A recent article in the Milwaukee Journal Sentinel profiles a woman, Yolanda Quesada, who was terminated from Wells Fargo Bank after three years with the company for a crime she was accused of 40 years ago but not convicted of. The bank is citing a federal law, Section 19 of the Federal Deposit Insurance Act, as justification for firing Quesada and several other employees who were recently fired after years of service. That law essentially says employers in certain industries, like the banking industry, cannot hire applicants or maintain employees convicted of any criminal offense involving dishonesty or a breach of trust or money laundering, even if they entered into pretrial diversion of the case.
Quesada has hired an attorney, Sandra G. Radtke, to go to bat for her as Wisconsin has arrest & conviction record discrimination protection under the Wisconsin Fair Employment Act (WFEA). As Quesada's attorney has pointed out, the federal law has a waiver that employers could seek from the FDIC which asks permission for an employee or applicant to work for them despite the law. "The employees also can ask for a waiver, but Radtke said it can take nine to 12 months to get a decision. Among the things considered are the nature of the offense, the offender's age at the time and evidence of rehabilitation since then."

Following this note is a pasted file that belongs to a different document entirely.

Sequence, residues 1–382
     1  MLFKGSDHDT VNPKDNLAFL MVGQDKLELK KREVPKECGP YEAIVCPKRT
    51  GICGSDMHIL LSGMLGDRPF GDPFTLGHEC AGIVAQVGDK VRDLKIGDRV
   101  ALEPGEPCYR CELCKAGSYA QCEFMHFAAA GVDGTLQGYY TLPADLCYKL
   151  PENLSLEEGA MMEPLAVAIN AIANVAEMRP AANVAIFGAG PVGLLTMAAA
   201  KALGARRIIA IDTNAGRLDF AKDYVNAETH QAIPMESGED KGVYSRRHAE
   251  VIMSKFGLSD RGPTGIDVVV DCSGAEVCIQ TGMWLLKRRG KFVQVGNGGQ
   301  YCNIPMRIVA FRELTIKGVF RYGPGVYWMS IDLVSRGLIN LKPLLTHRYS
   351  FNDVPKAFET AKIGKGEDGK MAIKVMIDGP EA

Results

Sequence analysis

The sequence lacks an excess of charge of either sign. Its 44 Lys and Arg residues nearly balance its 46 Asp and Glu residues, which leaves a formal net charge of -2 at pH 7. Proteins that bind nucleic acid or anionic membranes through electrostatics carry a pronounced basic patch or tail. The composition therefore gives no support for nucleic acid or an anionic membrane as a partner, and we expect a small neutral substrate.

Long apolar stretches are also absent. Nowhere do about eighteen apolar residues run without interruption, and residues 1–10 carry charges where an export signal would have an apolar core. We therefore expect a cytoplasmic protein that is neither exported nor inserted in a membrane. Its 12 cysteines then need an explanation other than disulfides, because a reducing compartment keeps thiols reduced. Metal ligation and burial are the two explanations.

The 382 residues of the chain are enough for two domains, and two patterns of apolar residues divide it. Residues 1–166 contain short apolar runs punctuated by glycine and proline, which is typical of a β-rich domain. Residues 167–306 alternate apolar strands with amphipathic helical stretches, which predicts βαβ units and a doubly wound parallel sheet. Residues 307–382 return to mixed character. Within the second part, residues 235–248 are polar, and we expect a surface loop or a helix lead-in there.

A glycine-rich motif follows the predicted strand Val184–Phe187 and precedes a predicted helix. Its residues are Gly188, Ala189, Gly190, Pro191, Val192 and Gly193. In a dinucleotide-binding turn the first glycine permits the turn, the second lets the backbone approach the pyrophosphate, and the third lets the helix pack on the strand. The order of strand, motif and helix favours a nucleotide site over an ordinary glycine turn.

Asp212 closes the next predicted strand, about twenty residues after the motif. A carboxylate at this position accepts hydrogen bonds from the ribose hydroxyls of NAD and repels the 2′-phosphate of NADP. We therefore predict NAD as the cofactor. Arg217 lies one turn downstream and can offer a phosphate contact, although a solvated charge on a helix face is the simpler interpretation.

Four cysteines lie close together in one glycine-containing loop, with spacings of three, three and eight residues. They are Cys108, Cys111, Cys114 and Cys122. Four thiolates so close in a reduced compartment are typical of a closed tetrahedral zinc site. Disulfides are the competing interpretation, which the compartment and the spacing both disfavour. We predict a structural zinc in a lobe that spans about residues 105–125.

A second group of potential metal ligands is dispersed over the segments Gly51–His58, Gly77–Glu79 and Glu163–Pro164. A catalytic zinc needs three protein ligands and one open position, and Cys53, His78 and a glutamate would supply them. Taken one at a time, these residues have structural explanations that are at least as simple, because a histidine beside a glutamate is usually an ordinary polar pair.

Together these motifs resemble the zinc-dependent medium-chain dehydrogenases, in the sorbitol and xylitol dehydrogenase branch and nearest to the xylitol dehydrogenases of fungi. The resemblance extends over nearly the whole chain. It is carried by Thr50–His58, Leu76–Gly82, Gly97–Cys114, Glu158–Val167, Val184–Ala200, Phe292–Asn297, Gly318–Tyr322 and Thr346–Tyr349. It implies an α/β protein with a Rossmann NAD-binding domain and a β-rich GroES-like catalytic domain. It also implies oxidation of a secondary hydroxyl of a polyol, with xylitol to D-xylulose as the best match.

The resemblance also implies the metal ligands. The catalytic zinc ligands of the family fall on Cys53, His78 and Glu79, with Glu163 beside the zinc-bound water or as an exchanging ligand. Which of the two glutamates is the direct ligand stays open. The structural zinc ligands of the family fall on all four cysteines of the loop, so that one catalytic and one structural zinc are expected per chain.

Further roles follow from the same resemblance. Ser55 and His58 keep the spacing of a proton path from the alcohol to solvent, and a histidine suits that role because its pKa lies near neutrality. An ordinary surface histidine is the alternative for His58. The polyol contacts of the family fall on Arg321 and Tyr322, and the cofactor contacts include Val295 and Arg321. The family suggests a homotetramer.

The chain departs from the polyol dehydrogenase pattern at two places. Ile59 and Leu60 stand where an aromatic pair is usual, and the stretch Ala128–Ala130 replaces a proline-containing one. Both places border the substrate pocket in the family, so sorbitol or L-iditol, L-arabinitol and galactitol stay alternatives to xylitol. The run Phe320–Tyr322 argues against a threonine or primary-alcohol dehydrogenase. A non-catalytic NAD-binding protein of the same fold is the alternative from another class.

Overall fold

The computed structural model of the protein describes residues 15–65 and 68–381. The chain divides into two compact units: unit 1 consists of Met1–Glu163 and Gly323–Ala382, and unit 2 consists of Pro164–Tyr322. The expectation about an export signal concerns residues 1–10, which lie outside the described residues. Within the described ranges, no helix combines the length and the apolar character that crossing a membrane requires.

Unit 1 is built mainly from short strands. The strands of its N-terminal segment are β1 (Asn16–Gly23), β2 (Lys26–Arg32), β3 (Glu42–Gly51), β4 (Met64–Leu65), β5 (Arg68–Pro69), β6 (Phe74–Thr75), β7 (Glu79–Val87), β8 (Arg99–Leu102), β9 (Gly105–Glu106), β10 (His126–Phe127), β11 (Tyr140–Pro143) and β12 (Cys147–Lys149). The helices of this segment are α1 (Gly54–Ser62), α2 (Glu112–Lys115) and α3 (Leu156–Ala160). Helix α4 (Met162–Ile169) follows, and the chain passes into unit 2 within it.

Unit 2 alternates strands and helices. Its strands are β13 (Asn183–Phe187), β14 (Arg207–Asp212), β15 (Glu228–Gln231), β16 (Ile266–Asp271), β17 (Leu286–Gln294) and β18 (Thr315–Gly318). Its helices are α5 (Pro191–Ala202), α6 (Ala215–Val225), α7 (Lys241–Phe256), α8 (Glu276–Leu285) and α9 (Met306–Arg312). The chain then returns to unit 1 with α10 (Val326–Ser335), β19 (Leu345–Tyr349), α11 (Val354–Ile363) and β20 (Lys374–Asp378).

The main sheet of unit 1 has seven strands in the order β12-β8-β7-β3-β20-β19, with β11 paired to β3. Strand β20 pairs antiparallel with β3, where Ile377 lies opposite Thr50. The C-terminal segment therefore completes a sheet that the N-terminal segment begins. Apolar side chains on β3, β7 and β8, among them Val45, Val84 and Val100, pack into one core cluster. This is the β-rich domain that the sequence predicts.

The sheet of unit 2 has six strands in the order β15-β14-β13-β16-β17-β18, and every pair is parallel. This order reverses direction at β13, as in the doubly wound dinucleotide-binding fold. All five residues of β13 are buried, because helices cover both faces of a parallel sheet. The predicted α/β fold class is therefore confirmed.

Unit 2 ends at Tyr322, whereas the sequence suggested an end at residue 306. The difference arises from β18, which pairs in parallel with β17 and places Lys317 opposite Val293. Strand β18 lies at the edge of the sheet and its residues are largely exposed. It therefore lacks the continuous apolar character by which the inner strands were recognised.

Last month, the Equal Employment Opportunity Commission (EEOC), by a vote of 4-1, approved new guidance on criminal background checks, which, similarly to the WFEA, discourages blanket exclusions of individuals who have been convicted of crimes and encourages the use of individualized assessments of whether an employer’s criminal conduct exclusion is job related and consistent with business necessity. Specifically: